Shirin Jaafari/The World
Mohannad Saad Mohammad got involved early on with the anti-government Tishreen or the October movement, which began sweeping Iraq in 2019.
“My friends are all poor like me,” Mohammad explained. “We all went out to protest because most of us were jobless. We were seeking a better nation.”
They demanded an end to corruption, more job opportunities and better living conditions. The Tishreen protests, which continued through 2021, forced Iraq’s Prime Minister Adel Abdul Mahdi to resign.
But today, the country still struggles with political infighting and corruption.
“What we have in this country is a fake democracy,” Mohammad said. “A real democracy is where people can speak their minds freely. Where elections are fair and people don’t get killed just for protesting.”
Under the previous regime, he said, “The Shias were marginalized. But Saddam Hussein has been gone for a long time. Even though Shias have power in the government now, we are still suffering.”
So, Mohammad said he is still fighting, even though he has already paid a heavy price for his activism.
During a demonstration on Feb. 16, 2020, which turned violent, 38-year-old Mohammad lost one eye — the other was severely damaged.
Mohammad is just one of hundreds of protesters who ended up with severe eye injuries after the crackdown. According to the United Nations, nearly 500 protesters were killed and about 8,000 more were injured in just the first few weeks of Iraq’s uprising.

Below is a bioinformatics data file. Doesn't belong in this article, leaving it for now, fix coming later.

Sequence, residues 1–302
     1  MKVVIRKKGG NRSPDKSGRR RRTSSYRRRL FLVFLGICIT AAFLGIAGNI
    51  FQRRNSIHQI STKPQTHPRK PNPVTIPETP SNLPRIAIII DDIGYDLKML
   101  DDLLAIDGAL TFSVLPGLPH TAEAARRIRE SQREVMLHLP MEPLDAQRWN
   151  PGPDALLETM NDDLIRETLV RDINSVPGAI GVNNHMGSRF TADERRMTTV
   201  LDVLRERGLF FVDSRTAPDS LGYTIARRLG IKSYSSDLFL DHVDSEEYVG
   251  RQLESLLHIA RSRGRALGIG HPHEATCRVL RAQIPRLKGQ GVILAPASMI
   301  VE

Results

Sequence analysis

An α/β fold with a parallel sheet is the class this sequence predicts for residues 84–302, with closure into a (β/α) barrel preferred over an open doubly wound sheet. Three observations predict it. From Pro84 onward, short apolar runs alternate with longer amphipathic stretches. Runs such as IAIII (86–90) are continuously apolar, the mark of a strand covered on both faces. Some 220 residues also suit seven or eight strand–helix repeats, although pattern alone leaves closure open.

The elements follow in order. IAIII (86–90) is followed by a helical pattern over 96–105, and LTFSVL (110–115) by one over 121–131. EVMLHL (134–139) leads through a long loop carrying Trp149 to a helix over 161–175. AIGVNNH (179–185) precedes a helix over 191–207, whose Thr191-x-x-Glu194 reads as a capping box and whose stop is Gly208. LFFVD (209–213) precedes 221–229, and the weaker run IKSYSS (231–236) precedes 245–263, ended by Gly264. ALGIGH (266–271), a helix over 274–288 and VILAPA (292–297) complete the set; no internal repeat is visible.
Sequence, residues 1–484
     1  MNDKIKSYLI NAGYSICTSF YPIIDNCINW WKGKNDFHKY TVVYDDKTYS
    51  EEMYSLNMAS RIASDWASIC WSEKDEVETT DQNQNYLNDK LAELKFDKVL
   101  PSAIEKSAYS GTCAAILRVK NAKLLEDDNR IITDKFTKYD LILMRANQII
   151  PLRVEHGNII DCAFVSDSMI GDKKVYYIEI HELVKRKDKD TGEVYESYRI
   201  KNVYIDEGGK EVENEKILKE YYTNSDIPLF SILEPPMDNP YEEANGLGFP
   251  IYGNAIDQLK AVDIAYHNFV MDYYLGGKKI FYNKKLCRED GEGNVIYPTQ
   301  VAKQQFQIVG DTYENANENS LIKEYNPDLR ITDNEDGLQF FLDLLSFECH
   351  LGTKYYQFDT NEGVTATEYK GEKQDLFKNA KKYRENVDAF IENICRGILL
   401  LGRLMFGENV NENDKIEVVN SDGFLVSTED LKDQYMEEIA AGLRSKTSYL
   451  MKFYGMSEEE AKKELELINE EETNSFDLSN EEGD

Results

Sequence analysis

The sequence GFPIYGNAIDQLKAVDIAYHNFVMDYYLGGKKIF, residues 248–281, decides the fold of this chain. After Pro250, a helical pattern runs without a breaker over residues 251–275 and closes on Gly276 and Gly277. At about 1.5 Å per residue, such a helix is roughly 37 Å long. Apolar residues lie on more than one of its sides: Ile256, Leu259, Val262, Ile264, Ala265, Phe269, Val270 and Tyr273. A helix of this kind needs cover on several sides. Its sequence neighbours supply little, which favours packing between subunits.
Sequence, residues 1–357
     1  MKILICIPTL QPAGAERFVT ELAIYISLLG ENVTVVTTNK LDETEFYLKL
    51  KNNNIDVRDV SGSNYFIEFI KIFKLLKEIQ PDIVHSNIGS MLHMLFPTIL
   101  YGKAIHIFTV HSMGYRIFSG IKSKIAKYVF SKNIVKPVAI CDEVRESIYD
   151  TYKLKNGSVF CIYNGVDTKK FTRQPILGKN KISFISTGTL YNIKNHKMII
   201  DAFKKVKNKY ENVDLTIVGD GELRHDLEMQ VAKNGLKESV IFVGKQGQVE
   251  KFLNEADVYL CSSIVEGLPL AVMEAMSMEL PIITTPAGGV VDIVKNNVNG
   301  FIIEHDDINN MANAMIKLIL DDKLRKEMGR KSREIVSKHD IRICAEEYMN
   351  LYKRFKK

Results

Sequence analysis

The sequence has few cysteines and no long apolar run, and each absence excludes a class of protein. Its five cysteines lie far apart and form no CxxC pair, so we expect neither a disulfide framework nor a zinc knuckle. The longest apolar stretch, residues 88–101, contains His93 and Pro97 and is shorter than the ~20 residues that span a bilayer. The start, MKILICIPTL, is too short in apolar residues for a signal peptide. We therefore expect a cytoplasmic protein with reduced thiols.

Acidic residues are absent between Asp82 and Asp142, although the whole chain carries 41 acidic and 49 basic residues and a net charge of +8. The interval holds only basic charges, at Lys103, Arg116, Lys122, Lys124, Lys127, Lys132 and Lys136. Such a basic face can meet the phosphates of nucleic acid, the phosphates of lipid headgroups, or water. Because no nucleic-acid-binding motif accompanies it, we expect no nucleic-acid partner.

Amnesty International reported that anti-riot police fired tear gas canisters at protesters, even targeting their heads, in some cases, at point-blank range.
Mohammad said he is not sure who his attackers were. Maybe Iraqi security forces or members of one of the country’s powerful militias.
Afterward, at the hospital, security forces showed up looking for him, he said. Hospital staff formed a human shield around him, and they managed to stop them from detaining Mohammad and other injured protesters.
Then, in the middle of the night, the staff helped smuggle him out of the hospital in a trash can.
Mohammad said that doctors told him that he is lucky to be alive; X-rays show dozens of pellets lodged in his head and upper body. Some of them could not be removed.
Shirin Jaafari/The World
Mohammad, no longer able to work, had to give up his home in the city. He now lives on the outskirts of Baghdad with his wife and four children. They survive on donations, he said.
But losing his eyesight hasn’t stopped Mohammad from going to the streets. In fact, just recently, he was out protesting again.
“I know that I could be either killed or imprisoned, but I breathe for Iraq. This is the path that I have chosen and if I die, it will be the greatest honor of my life.”
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